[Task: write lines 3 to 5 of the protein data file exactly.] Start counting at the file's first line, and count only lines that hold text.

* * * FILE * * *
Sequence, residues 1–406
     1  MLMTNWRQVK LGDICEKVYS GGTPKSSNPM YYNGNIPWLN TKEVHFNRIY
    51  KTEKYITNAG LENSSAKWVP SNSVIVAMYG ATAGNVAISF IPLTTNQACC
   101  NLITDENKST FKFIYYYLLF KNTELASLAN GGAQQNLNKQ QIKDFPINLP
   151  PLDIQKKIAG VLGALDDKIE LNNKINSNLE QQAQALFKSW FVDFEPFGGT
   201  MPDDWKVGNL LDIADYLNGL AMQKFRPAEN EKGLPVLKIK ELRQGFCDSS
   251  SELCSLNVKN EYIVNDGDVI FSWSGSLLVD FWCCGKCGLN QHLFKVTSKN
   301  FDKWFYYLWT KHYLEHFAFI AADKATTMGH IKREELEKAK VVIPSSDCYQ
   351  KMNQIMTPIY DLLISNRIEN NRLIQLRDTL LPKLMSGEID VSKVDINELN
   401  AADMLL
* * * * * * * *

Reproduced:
    51  KTEKYITNAG LENSSAKWVP SNSVIVAMYG ATAGNVAISF IPLTTNQACC
   101  NLITDENKST FKFIYYYLLF KNTELASLAN GGAQQNLNKQ QIKDFPINLP
   151  PLDIQKKIAG VLGALDDKIE LNNKINSNLE QQAQALFKSW FVDFEPFGGT